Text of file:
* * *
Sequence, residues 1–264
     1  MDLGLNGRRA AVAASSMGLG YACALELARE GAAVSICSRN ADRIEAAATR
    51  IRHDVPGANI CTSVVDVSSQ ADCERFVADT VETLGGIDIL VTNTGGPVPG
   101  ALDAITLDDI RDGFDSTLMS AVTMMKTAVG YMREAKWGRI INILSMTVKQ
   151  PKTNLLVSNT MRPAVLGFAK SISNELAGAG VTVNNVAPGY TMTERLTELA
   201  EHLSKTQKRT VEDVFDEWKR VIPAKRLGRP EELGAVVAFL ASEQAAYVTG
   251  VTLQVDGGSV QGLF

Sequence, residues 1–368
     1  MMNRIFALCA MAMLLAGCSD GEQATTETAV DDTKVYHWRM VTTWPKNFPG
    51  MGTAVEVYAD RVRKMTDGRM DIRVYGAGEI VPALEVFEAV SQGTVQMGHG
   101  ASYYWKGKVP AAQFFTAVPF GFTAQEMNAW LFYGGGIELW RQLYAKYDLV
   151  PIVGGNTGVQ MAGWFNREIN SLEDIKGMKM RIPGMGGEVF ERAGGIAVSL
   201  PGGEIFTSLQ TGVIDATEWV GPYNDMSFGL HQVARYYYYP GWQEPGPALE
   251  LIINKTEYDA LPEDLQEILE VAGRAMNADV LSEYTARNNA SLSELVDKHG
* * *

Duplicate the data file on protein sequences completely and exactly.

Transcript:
Sequence, residues 1–264
     1  MDLGLNGRRA AVAASSMGLG YACALELARE GAAVSICSRN ADRIEAAATR
    51  IRHDVPGANI CTSVVDVSSQ ADCERFVADT VETLGGIDIL VTNTGGPVPG
   101  ALDAITLDDI RDGFDSTLMS AVTMMKTAVG YMREAKWGRI INILSMTVKQ
   151  PKTNLLVSNT MRPAVLGFAK SISNELAGAG VTVNNVAPGY TMTERLTELA
   201  EHLSKTQKRT VEDVFDEWKR VIPAKRLGRP EELGAVVAFL ASEQAAYVTG
   251  VTLQVDGGSV QGLF

Sequence, residues 1–368
     1  MMNRIFALCA MAMLLAGCSD GEQATTETAV DDTKVYHWRM VTTWPKNFPG
    51  MGTAVEVYAD RVRKMTDGRM DIRVYGAGEI VPALEVFEAV SQGTVQMGHG
   101  ASYYWKGKVP AAQFFTAVPF GFTAQEMNAW LFYGGGIELW RQLYAKYDLV
   151  PIVGGNTGVQ MAGWFNREIN SLEDIKGMKM RIPGMGGEVF ERAGGIAVSL
   201  PGGEIFTSLQ TGVIDATEWV GPYNDMSFGL HQVARYYYYP GWQEPGPALE
   251  LIINKTEYDA LPEDLQEILE VAGRAMNADV LSEYTARNNA SLSELVDKHG